34 UX Guidelines for Search Box and Results Page

One of the most viewed article on my blog is focused on How to Design UX Search.

Today I want to write down a list of 34 UX guidelines for search in ecommerce websites.

During my research I’ve highlighted the main sections to whom Search systems should be categorised in Ecommerce Websites using a UX approach.

Those categories are five:

  1. How to Design Search Box;
  2. How to Design Search Results;
  3. How to Design Search Sorting Options;
  4. How to Design Navigation or Faceted Search;
  5. How to Design Advanced Search.

Let’s start with the guideline!

Design Search Box

  1. Don’t use a link to a search page, use an open text field;
  2. Add Search button;
  3. No filler text in the search field;
  4. The search box should be on every page;
  5. Depending from the type of ecommerce, search fields should be around 30 characters long;
  6. Make sure your ecommerce website have only one search box for users;
  7. Make sure navigational menus do not cover the search box.

Design Search Results

  1. No steps between the user’s search and the search results;
  2. How many results found? Show that number on top;
  3. The user’s search query should be replicated at the top of the page;
  4. Each product in result list must have: descriptive product name, small product image, and price;
  5. Promoted products should be designed in a proper way, not aggressive;
  6. View more results per page, or view all, is a must to have;
  7. If the product availability depends of inventory, then add information and keep the user informed;
  8. Don’t separate by type the products, list all results and let users filter them;
  9. Design a case when only one result is found;
  10. Design a case when no results are found, and add suggestions (clear messages, search again, remove filters, etc.).

Design Search Results Sorting Options

  1. List results in by relevance as standard;
  2. Always design helpful sorting options like: by price, by popularity, by XXX (relevant option);
  3. Sorting by price should have both to sort from high to low prices and vice versa.

Design Navigation or Faceted Search

  1. Always show both sorting and filtering options;
  2. Let users select more than one filter option;
  3. Always show users what filter option they’ve selected;
  4. Add a clear button for previous selections;
  5. Double check if all products are listed in the right categories (common issue);
  6. Design a clear solution to present filtering options;
  7. Display at the top of filters list the most commonly used by product;
  8. Display only the most common filters by default, and hide the rest behind a link (considering you have a long list of options);
  9. Add the number of products available, when possible, in each filter option;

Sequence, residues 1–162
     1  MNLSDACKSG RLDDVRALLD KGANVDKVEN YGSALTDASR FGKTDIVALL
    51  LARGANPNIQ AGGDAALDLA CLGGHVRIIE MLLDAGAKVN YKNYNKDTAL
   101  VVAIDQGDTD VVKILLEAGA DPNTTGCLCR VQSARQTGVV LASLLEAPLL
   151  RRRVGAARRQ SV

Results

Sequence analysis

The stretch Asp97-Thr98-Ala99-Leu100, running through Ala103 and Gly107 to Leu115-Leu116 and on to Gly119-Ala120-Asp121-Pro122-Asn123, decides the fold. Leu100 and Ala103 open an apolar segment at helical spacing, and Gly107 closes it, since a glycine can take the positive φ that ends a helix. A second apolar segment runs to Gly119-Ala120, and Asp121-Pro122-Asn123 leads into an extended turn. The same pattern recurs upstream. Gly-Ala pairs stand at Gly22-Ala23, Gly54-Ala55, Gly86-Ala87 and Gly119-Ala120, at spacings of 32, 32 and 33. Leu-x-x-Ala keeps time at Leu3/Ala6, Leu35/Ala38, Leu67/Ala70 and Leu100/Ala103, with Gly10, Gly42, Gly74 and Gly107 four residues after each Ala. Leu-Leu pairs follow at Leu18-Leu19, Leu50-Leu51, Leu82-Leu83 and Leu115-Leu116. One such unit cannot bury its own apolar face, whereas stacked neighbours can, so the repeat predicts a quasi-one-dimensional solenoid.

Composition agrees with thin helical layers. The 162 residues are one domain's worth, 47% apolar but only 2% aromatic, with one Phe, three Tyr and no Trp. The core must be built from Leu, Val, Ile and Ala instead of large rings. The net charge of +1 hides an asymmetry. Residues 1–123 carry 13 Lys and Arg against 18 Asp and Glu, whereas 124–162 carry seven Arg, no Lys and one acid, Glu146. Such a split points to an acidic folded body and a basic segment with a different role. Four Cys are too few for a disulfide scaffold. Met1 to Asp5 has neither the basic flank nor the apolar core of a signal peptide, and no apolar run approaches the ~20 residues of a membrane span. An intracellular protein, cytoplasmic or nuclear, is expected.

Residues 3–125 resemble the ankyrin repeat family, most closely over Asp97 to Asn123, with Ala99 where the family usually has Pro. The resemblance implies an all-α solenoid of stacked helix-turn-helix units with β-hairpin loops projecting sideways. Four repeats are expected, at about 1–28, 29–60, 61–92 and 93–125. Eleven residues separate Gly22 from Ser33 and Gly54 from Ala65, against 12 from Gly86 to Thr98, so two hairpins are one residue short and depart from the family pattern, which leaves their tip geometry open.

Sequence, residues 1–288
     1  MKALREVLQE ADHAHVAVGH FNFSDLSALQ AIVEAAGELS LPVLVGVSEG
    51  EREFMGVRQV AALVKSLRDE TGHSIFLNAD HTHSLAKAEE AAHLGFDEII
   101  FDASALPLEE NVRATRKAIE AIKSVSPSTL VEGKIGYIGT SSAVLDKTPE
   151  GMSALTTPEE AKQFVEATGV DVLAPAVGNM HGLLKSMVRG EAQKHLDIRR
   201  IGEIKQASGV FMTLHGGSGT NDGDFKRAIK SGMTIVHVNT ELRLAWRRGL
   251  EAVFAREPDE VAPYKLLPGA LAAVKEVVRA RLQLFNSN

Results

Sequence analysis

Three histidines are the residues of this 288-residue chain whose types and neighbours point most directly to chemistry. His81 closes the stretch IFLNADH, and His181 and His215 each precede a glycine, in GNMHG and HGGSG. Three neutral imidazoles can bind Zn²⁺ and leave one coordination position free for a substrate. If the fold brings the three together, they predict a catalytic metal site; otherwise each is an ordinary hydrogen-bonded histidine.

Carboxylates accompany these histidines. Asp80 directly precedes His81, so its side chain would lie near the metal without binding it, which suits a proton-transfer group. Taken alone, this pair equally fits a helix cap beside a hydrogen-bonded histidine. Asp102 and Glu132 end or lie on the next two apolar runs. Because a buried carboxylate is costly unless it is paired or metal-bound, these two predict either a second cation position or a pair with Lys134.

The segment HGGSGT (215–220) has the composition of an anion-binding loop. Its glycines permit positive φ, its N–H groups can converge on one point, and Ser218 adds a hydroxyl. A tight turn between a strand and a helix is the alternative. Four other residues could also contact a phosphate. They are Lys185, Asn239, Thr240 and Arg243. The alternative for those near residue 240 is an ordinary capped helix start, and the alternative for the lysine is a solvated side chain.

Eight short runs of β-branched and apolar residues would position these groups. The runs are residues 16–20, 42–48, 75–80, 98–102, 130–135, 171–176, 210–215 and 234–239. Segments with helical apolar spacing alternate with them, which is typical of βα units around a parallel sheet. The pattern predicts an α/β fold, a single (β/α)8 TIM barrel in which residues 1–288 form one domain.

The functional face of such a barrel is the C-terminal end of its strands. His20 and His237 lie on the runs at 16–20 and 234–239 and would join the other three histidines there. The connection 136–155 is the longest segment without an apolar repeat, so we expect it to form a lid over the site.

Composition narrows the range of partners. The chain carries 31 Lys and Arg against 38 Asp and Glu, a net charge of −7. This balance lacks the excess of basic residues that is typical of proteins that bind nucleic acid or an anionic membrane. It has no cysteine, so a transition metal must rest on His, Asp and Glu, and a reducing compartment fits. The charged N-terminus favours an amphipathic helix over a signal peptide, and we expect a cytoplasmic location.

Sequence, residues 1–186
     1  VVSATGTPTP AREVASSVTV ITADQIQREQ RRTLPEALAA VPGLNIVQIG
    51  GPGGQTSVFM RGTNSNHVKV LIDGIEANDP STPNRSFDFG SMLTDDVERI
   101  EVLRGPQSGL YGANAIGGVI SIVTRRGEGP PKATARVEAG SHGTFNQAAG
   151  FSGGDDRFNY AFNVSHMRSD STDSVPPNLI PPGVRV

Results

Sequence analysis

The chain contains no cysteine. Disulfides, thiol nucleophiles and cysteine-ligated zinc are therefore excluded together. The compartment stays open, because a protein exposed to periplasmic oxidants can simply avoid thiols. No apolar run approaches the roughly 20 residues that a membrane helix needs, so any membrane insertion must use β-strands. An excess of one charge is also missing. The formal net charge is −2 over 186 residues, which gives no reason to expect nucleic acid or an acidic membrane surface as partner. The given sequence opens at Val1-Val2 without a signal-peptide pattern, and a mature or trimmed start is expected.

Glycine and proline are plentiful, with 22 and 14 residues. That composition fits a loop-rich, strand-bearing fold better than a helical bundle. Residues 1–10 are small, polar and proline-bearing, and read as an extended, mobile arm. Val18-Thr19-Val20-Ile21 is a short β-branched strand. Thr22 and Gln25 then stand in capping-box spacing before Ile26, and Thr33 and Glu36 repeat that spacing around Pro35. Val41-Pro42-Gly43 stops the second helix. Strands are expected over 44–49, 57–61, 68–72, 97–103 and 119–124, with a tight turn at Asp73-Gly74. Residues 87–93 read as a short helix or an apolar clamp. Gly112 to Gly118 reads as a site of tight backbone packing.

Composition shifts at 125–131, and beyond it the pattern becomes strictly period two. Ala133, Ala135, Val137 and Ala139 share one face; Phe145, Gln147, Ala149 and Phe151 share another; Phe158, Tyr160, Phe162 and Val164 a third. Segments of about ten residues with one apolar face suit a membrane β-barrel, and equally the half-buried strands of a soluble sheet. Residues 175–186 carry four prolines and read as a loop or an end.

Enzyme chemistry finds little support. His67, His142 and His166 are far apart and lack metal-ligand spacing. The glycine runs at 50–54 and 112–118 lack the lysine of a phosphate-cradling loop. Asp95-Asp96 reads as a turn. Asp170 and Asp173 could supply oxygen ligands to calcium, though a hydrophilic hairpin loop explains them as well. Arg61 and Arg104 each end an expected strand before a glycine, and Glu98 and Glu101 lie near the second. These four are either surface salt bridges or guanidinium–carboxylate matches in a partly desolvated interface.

10. Don’t display filtering options if only one product is listed.

Design Advanced Options

  1. Always Consider to design advanced search form;
  2. Don’t design advanced options only with filters functionalities;
  3. Provide a clear link to advanced search (and back);
  4. Default searches to the most general category.

Does your ecommerce website need help? Do you want to increase your conversion rate? Book a FREE call with me to discuss about that.

Luca Longo

Luca Longo

8 years of experience in User Experience. Mobile Specialist. Expert in UX/UI, Customer Experience Solutions, Prototyping and Product Management.

  • I disagree with “Make sure your ecommerce website have only one search box for users” I advocate for a search box down by the page footer as well, this way when users have reached the bottom and not discovered what they want, the search box is there for them.
    I would also add:
    – For the search result listings, including add-to-cart buttons is handy if it makes sense
    – For the search box, robust auto-fill modals with “best match” and “most popular” including images and (if it makes sense) add-to-cart buttons
    – Also for the search box, keep the search query input in the search box on the Results page so users don’t have to retype if they want to tweak the query a bit

    • Hi John,
      thanks for the feedback. You are right, your points of view are very good.

  • Agustina Parada

    “Make sure your ecommerce website have only one search box for users”
    May I know the exact reason why?
    I have a client who is insisting on adding two search boxes in their website header. For each search, users have to write a SKU number depending on what they are looking for.
    The first search will only return products for rental and the second search will return products that can be repaired by the company. Its a bit tricky..
    But either way, I can’t find an alternative to avoid adding two search boxes on the top.
    Any thoughts?

    • Why don’t you create only one search with the first part of the search able to let the users select the type of search with a dropdown menu? Like amazon does.

      Then allow the search to find SKU numbers too.


      • Agustina Parada

        Yes thanks for your quick answer; no doubt thats the best option, but it will take too many programming time (in Netsuite platform) and the client is not willing to pay…for now. I just need a good UX explanation to them, in order to convince them 🙂

        • The reason is that some sites offered multiple search boxes for different types of searches. Users don’t want to have to decide between search boxes, they simply want their searches to work. Don’t make users do extra work. Do the work on the backend so the single open search field can accommodate any type of search the site supports.

          • Agustina Parada

            No extra work! Thats the key to the matter! Thanks a lot!

          • You Welcome 🙂